Routh, son John Jackson and Marcia Cross were among the cast.
was born to be known/ as everybody's brother/ he is the Father Son and
Mary is his mother/ He is a 'scuse my slanguage, well a compound country
kinda guy/ yes he is ain't no way to get around it, you just can't beat
Jesus Christ." - You Can't Beat Jesus Christ - Billy Joe Shaver.
also produced the Peasall Sisters song Where No One Stands Alone
for new Jeff Bridges movie True Grit - a remake of the original
starring the late John Wayne, Robert Duvall and Glen Campbell.
produced their record few years back and they're extremely talented,"
"They're also on the soundtrack for O Brother Where Art
Thou movie. It was a blessing to be able to do that and I believe
in their music."
Bridges also played a character Bad Blake loosely based on another
of Cash's clients septuagenarian Billy Joe Shaver in Crazy Heart.
Carter Cash scored a Grammy nomination for production of Billy Joe's
2007 gospel CD Everybody's Brother.
Cash was bemused to learn Shaver recently filled out an application
to remarry second wife Wanda - the nurse he wed after first wife
Brenda, whom he married three times, died in Waco.
good, I think they might have done this before," Cash joked about
the Texan who attended Little Rock, Arkansas, last month to watch his
friend Robert Moore being sworn in as the state Speaker of the House.
Shaver, acquitted last year of shooting a relative of Wanda who stirred
his drink with a knife at Papa Joe's Saloon at Lorena south of Waco, sang
several songs a capella at the ceremony.
MINUTES TO LIVE
all can you give/with five minutes to live/hear the tock tick tock of
the laughing clock/ what will you do or say/ maybe you oughta pray/ but
you better think positive/ you got five minutes to live." - Five
Minutes To Live - John R Cash
Disc 2 covers
Cash's first 11 years at Columbia from 1958-1969 - with rare B-sides and
Several versions of songs not released in U.S. are on the 25-track disc
- including Five Minutes to Live and The Frozen Logger.
Cash had moved his family including daughter Rosanne to Los Angeles where
he worked as a songwriter and actor in movies and TV.
His dual career boosted popularity of gunfighter ballads and story songs
popular in late 1950's and 1960's.
Johnny Yuma Theme, Restless Kid, Hardin Wouldn't Run and Shifting,
Whispering Sands with actor Lorne Greene, preceded his role in 1971
western A Gunfight with Kirk Douglas.
But was it Cash's role in the movie Five Minutes To Live that sourced
the title track?
"The fact that he was in the film, he wrote the song hoping that
it would be part of the movie," Cash said.
"It's great that it's coming out now after all these years - there
are some gems in there."
What about Shifting Whispering Sands?
"We found the alternative version in the vault," Cash said.
"The original version from the movie is, I believe, on his Ballads
Of The True West but this is the version that was never released."
The gunfighter ballads struck a chord with the archivist.
"That's some of my favourite stuff, he ever did actually," Cash
"The Ballads Of The True West and Bitter Tears, they're
probably my two favourite Johnny Cash records other than the ones I worked
Cash worked with Rick Rubin as associate producer on Johnny Cash's Grammy
winning records American III: Solitary Man and American IV:
The Man Comes Around, the latter receiving three CMA awards.
He was also associate producer on American V: A Hundred Highways
and American VI: Ain't No Grave.
AND FOLK MUSIC
unearthed his dad's recordings of Mississippi pioneer Jimmie Rodgers Brakeman's
Blues and Lead Belly standard Goodnight Irene.
They echo his early interest in folk music - 14 years before his records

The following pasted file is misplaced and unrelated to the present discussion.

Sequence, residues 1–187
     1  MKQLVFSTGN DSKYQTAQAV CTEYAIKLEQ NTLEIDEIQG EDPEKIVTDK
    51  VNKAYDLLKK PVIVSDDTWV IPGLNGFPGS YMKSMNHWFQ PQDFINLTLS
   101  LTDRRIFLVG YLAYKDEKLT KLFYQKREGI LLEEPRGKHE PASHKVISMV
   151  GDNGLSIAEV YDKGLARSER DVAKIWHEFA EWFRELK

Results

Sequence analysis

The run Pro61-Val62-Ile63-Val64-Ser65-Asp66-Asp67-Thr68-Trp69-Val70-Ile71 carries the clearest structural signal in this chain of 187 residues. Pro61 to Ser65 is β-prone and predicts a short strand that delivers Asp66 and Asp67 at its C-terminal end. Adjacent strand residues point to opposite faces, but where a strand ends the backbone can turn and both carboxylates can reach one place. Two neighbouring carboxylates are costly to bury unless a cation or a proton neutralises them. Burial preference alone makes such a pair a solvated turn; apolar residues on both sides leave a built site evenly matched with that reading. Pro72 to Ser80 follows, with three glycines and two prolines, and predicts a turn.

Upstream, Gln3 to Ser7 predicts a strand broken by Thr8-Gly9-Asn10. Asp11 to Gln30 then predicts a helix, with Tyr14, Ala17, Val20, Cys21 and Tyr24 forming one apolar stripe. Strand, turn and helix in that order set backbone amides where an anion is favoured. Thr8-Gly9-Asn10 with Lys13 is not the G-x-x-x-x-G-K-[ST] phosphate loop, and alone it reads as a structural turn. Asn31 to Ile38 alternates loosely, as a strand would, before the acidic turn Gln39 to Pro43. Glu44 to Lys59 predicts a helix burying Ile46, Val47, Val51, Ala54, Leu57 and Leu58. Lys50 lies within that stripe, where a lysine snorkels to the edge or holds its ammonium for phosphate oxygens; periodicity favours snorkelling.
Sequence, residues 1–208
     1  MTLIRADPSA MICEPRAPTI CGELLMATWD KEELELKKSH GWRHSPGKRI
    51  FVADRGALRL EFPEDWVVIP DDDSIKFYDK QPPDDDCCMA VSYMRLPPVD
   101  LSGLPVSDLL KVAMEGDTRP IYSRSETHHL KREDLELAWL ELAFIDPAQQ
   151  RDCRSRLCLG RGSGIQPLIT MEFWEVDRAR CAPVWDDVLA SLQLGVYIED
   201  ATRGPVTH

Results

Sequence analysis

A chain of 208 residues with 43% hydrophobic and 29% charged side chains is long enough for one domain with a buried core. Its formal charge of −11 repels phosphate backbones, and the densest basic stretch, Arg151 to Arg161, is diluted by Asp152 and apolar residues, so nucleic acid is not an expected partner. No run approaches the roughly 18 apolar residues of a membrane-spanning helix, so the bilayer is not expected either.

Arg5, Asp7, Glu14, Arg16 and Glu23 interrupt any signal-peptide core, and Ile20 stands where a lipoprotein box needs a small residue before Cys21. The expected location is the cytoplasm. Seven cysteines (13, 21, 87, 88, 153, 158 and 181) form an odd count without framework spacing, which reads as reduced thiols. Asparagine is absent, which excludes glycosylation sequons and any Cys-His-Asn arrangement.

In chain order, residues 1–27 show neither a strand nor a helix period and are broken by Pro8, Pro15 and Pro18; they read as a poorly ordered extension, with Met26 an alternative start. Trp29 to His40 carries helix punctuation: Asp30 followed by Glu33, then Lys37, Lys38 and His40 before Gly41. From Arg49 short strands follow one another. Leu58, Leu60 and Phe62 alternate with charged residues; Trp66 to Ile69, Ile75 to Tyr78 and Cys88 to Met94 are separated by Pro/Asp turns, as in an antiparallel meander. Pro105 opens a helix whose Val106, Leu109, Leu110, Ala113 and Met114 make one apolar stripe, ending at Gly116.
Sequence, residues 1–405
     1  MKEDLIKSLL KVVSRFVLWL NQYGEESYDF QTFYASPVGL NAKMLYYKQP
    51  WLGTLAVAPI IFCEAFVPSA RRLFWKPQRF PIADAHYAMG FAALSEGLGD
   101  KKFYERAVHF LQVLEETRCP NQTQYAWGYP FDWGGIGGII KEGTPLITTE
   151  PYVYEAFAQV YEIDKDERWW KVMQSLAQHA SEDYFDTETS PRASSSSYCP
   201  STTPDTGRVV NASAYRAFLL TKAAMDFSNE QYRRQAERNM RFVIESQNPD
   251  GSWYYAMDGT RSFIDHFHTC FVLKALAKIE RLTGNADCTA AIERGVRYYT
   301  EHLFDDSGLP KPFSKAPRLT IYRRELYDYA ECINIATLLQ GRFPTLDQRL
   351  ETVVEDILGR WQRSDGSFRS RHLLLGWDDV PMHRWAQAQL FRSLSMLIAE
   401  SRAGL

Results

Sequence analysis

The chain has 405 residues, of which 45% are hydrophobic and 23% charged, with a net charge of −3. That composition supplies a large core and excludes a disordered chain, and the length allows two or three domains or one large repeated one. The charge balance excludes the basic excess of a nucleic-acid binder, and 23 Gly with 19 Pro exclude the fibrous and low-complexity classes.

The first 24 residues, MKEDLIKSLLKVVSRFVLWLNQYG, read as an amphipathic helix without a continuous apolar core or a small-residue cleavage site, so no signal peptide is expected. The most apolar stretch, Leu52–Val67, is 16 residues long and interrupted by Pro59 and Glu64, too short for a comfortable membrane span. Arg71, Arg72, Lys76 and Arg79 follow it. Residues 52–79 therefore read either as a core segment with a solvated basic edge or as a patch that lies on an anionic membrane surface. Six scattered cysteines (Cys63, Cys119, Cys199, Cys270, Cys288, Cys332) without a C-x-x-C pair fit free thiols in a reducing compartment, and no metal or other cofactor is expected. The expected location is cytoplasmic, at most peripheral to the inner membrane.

with Bob Dylan in Nashville.
"He recorded a few Jimmie Rodgers songs, one of which was on the
American V CD," Cash recalled.
"Jimmie Rodgers and the Carter Family and Hank Snow, that was what
he listened to. They were his major country influences. He was greatly
influenced by gospel - Sister Rosanna Tharp and other stuff."
So what about the Dylan collaborations?
"The foresight they had, it was all of joy his work with Dylan, what
they did," Cash said.
"They enjoyed being around each other and they played off each other's
creativity very well. They were dear friends."
CASH SOLO CAREER
Angels blocked the traffic to the building/ in order for the beer truck
to come through/ and waitin' in the wings to sing with Willie/ were hopeful
stars of flickering magnitude." - A Backstage Pass - John R Cash.
released his first solo CD, Bitter Harvest, in 2003, followed by
The Family Secret.
wife Laura - a fiddler and singer - and cousin Dale Jett, grandson
of A.P. and Sara Carter, also released a CD as The Carter Family
III - Past And Present.
"The Family Secret is available on Amazon online but hasn't
been released in Australia yet," Cash said.
"I've been in the studio today recording more of my own material.
Laura Cash is an amazing fiddle player and vocalist. Dale Jett is
from southwest Virginia and he's the real deal as far as I'm concerned.
Noone is doing it as pure and true as he is. He's the grandson of
A.P. and Sara Carter. The project I'm working on now I'm calling it
Fables - mainly story songs. It's pure music - minimal instrumentation."
produced his mother June Carter Cash's CD, Press On that won a
Grammy in 1999 and Wildwood Flower that scored a Grammy for best
traditional folk album in 2003.
His 2004 production Unbroken Circle: Musical Heritage of The Carter
Family won three Grammy nominations.
He also produced his mother's tribute disc Anchored In Love, and
wrote the accompanying biography book.
Cash is also co-producer of brother-in-law Marty Stuart's 2006 CD, Badlands:
The Voice of the Spirit, The Gospel of the South, and others by step
sister Rosanne and another brother in law, Rodney Crowell.
Other production credits include Loretta Lynn, Josh Turner, Brooks &
Dunn, Billy Joe Shaver, Elvis Costello, Wylie & Wild West, George
Jones, Mavis Staples, Mighty Clouds of Joy, Jon Randall and Jessi Alexander,
Norman and Nancy Blake, Tim O'Brien, Dave Matthews, Nitty Gritty Dirt
Band, Kris Kristofferson, Emmylou Harris, Willie Nelson, Earl and Randy
Scruggs, John Cowan, Todd Snider, Vince Gill, John Prine and Tony Rice.
Cash has also written three illustrated children's books - Momma Loves
Her Little Son March, Daddy Loves His Little Girl and The Cat in
the Rhinestone Suit.
"The Cat In The Rhinestone Suit will be coming out in 2012,"
Cash said. "I have the other two books out at the moment. I had a
lot of fun putting them together."
Cash hopes to build on his Grammy successes with his dad's new bootleg
"I have been a producer on five Grammy winning records, some of those
records I only produced one song," Cash said.
"I'm hoping this project will also be nominated."
And what about the future for the long sober archivist?
"It's great talking to you again," he joked, "I'll talk
to you again in another 20 years."